Edmund: A prototype of Machiavellian philosophy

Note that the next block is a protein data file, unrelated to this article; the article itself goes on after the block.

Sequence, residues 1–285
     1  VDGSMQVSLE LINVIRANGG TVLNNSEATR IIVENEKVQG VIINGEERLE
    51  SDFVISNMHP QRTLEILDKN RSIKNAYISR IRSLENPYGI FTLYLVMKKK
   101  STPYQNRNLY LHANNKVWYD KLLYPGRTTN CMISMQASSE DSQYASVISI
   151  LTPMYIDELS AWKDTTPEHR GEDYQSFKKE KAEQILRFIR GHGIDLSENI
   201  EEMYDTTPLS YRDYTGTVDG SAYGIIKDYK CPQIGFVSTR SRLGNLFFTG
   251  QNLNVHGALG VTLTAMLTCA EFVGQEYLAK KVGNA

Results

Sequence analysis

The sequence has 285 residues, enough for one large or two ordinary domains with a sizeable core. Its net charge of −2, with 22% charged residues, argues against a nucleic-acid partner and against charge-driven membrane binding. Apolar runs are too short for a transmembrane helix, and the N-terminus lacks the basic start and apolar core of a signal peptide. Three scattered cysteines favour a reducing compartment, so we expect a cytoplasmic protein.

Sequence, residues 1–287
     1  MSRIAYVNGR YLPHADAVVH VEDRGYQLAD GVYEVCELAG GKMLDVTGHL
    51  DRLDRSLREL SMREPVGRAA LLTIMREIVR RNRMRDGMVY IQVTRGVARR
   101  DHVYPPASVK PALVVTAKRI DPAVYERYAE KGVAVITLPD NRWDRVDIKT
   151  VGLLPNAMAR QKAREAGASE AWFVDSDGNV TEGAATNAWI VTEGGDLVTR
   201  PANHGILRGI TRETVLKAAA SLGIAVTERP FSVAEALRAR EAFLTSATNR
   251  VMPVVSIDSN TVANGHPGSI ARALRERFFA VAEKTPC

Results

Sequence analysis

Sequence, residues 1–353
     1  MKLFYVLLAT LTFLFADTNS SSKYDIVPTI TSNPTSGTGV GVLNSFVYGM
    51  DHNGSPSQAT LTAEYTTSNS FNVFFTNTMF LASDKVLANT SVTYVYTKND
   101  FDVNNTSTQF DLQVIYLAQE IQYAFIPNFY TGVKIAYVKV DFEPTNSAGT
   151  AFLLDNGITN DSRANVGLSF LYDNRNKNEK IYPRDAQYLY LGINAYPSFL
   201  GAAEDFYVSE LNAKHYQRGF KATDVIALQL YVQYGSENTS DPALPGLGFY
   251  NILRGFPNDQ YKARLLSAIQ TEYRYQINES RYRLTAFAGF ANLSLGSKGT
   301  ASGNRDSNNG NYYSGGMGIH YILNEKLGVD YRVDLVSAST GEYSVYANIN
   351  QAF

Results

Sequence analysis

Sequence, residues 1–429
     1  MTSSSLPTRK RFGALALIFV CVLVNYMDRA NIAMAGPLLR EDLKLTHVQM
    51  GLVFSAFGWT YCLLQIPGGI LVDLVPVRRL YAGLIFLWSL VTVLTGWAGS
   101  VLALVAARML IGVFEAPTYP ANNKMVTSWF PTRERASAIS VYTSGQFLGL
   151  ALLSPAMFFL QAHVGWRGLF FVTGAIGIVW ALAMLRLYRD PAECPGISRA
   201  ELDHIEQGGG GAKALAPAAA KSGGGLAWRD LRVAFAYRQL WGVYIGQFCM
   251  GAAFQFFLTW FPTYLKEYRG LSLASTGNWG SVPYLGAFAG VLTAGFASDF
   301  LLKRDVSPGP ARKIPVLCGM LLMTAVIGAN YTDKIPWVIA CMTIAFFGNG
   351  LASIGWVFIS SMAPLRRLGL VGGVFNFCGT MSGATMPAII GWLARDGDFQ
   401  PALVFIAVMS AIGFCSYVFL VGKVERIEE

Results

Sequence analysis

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In Shakespeare’s King Lear, Edmund, the scheming son of Gloucester, is a lucid prototype of Niccolo Machiavelli’s philosophy. He exhibits characteristics of an aspiring Machiavellian prince. Edmund has a need for control and equality – that is, when ‘equality’ works to his favour. His moral principals stand as no obstacle to the sordid and inhumane actions he is willing to carry out in his pursuit of the throne and of power. This can be seen more specifically in Edmund’s scheming to overthrow the legitimate son of Gloucester, Edgar. Edmund expresses this scheme in his statement “let me, if not by birth, have lands by wit. All with me’s meet that I can fashion fit.” (King Lear, Act 1 Scene 2, lines 191-192) Being the bastard son, Edmund does not inherit Gloucester’s land; it is tradition that the eldest legitimate son should receive the inheritance. Edmund, working against this tradition, strives to attain this inheritance to which he is not entitled. He feels determined to shape his own future and break tradition – no matter the consequences. From this single selfish desire, many evil deeds began to sprout. Edmund is skilled in the manipulation of other individuals. He understands and genuinely believes that one who is known as the “fox” and the “lion” is most successful. Edmund exploits Edgar’s trust when he lies to manipulate him, saying that “If you do stir abroad, go armed... Brother, I advise you to the best.” (Act 1 Scene 2 lines 177-180). Edmund, recognizing that he is in a position of trust, takes advantage of the existing family ties between him and Edgar. He fabricates a tension or dilemma between Edgar and Gloucester. He takes advantage of “a credulous father and a brother noble… That [Gloucester] suspects none; on whose foolish honesty [Edmund’s] practices ride easy.” (Act 1 scene 2 186-188) He fools Gloucester into believing that Edgar is wicked, thus

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